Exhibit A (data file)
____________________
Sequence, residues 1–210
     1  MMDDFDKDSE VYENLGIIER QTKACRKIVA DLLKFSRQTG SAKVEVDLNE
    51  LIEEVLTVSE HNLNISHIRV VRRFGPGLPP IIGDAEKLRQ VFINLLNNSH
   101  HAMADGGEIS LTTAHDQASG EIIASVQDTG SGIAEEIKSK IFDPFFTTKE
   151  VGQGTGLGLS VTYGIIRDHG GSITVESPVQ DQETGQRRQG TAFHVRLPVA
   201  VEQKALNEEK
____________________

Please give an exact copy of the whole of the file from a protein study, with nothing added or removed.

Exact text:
Sequence, residues 1–210
     1  MMDDFDKDSE VYENLGIIER QTKACRKIVA DLLKFSRQTG SAKVEVDLNE
    51  LIEEVLTVSE HNLNISHIRV VRRFGPGLPP IIGDAEKLRQ VFINLLNNSH
   101  HAMADGGEIS LTTAHDQASG EIIASVQDTG SGIAEEIKSK IFDPFFTTKE
   151  VGQGTGLGLS VTYGIIRDHG GSITVESPVQ DQETGQRRQG TAFHVRLPVA
   201  VEQKALNEEK